After a day inside their borders I still have no sense of what is typical Slovenian architecture. The newer homes or at least the newer looking facades are of the perky Austrian or Tyrolean tradition with dark stained exterior wood trim against white stucco, wooden shutters, balconies under broad eves and cheery flower boxes. A few older buildings speak of a proud past with their remnants of decorative plaster work above the windows and doors—from a time before the world wars, before communism dictated style. And then there is the Soviet-era dreary buildings that have a weighty sadness about them. I keep wanting to ask “Will the real Slovenian building please stand up?”
After being in the second largest city of Maribor, it is clear that the Slovenians do have their own sense of style. Though I still couldn’t describe a typical Slovenian home like I could an Alpine home, the other fashion tastes are starting to stand out--some of which look a little quirky to our eyes. Several 30-ish women have unusual hair coloring, with the hair 1-2 inches from their hairline being dyed a very dark brown and the rest of their hair being quite blonde. It looks like a blonde wig that hasn’t quite been pulled down snug enough over dark hair. Bill wondered if the attention-grabbing hair-do was the mark of a hooker, but I don’t think so, I think it’s just what piques their sense of style. The large, purplish-red bridge in town has streams of water fountaining up from the pilings—an interesting but unusual effect. And we fiddled a while with the plastic hangers with 5 pivot points in them and finally determined that squeezing them by the neck opened the jaws of what is usually a hook at the top—creative, but we wondered “why bother”.
We have seen a deep seated need to lock things up in Slovenia. In Austria, keys are put in the outside door locks in the morning and left there until they close up for the night, without even the worry of mischief. In contrast, in Slovenia the urge to lock things seems disproportionate to the current, real risks. Even in our nicer hotel in Maribor the fire escapes are locked and the key is kept by the door in a lead-sealed glass box, both to enter the fire escape on our floor and to exit it at the street level. And Bill was corrected by one young hotel clerk when he left our as of yet unoccupied room in another hotel unlocked while he retrieved some luggage. We were the only guests at that point but she carefully took the key and locked the door. We are taking these gestures as a cue to be a little more careful with our security measures but I don’t think all of their habits are based on the current reality. We wonder if it isn’t a holdover from the general communist-era paranoia.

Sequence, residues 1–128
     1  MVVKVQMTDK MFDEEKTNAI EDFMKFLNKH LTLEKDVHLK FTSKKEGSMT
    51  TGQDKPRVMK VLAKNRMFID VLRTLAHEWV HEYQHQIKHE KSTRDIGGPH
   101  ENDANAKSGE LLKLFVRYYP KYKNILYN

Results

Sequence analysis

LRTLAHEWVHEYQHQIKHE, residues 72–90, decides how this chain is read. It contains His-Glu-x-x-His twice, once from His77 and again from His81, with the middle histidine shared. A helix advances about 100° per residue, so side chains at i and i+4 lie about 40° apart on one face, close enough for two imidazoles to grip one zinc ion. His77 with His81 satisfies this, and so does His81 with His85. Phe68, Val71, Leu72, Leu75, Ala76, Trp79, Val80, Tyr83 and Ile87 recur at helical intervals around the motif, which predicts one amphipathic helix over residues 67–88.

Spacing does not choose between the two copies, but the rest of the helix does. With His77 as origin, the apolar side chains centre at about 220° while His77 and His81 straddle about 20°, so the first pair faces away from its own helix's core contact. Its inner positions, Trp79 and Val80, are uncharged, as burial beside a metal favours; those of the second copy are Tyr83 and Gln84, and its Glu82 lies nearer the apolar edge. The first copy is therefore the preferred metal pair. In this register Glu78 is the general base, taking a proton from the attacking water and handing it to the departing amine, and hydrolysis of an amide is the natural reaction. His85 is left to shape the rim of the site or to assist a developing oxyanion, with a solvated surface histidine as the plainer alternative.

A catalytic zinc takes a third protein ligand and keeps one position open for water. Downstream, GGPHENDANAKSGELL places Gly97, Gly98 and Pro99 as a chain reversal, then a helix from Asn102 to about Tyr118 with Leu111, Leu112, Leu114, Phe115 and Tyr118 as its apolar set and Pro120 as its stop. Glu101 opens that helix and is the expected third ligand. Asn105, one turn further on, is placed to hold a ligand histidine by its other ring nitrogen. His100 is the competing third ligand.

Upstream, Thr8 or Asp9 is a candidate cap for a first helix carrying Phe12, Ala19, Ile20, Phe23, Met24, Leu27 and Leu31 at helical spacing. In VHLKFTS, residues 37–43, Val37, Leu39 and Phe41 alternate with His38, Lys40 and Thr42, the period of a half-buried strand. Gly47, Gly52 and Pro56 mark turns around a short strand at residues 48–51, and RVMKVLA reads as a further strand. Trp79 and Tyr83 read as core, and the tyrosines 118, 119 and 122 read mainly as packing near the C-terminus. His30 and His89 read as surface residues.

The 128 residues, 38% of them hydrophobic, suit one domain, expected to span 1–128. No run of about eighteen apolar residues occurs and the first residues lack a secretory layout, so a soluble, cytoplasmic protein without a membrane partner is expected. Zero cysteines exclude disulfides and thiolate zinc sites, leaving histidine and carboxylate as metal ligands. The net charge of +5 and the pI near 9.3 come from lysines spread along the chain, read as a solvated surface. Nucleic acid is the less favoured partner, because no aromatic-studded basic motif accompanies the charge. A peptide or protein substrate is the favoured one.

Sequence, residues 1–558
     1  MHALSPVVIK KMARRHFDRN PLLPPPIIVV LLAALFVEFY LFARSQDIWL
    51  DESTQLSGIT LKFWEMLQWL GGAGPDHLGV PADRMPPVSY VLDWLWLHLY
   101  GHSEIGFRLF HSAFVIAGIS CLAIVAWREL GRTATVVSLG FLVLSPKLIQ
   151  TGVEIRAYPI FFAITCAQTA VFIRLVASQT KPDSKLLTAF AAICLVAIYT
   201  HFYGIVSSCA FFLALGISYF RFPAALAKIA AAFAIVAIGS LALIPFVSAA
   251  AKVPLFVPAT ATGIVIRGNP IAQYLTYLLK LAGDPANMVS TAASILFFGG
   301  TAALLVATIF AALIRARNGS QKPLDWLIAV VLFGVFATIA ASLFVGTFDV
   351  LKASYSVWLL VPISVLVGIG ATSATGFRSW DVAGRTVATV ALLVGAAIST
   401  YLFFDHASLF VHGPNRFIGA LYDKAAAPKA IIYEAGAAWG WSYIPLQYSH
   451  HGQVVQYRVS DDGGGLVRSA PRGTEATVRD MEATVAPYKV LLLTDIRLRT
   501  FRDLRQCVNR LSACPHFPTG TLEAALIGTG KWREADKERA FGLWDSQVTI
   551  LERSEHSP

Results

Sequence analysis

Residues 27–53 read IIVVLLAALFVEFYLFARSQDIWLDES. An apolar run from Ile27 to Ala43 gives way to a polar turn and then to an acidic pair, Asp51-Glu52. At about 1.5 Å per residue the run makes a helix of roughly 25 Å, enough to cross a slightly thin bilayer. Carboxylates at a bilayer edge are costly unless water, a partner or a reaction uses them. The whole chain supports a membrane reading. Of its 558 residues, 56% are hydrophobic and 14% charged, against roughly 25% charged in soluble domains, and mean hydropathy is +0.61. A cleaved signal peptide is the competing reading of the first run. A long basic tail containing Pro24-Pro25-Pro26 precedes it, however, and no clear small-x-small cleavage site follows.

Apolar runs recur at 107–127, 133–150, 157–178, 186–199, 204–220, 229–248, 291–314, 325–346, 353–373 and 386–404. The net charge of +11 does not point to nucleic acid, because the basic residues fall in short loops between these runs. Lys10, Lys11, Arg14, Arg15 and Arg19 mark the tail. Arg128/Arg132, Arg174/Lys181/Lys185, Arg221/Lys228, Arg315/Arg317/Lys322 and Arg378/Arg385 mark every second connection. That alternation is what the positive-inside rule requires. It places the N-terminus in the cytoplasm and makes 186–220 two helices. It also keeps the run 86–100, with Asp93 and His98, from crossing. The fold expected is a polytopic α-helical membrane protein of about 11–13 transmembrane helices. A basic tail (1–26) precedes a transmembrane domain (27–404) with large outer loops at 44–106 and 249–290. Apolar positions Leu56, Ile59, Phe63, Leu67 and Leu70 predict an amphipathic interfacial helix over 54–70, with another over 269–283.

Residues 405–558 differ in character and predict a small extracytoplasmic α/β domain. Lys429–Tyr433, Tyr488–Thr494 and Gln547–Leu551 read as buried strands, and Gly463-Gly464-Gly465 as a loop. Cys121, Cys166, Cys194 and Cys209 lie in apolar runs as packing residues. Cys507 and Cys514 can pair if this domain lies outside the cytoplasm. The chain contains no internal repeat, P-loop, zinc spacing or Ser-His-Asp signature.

Slovenia, By Comparison
Slovenia is a tiny country of about 2 million people and has an amazing literacy rate of only fractions shy of 100%. When they join the EU next year they will leap over 2 current EU members, Portugal and Greece, in the prosperity rankings. And I am sure they couldn’t be more pleased to leave their other former Yugoslavian brethren in the dust by being the first from the old federation to qualify for EU membership (as far as we know, the others aren’t even trying to join).
Slovenia, and presumably the other of the former Yugoslavia republics, didn’t suffer from the severe infrastructure decay like their other eastern block neighbors did under communism. Their leader, Tito, distanced himself from the Soviets shortly after the end of WWII and he didn’t follow as many of the devastating economic policies as their neighbors. And today in Poland, the Czech Republic and eastern Germany the deferred maintenance of the buildings shouts at the casual observer whereas in Slovenia there it is just an average number of urban buildings needing a face-lift. And unlike the citizens of its former republic-mate, Croatia, Slovenes didn’t have their personal bank savings accounts robbed by the government in the 1990’s, giving them yet another upwards boost.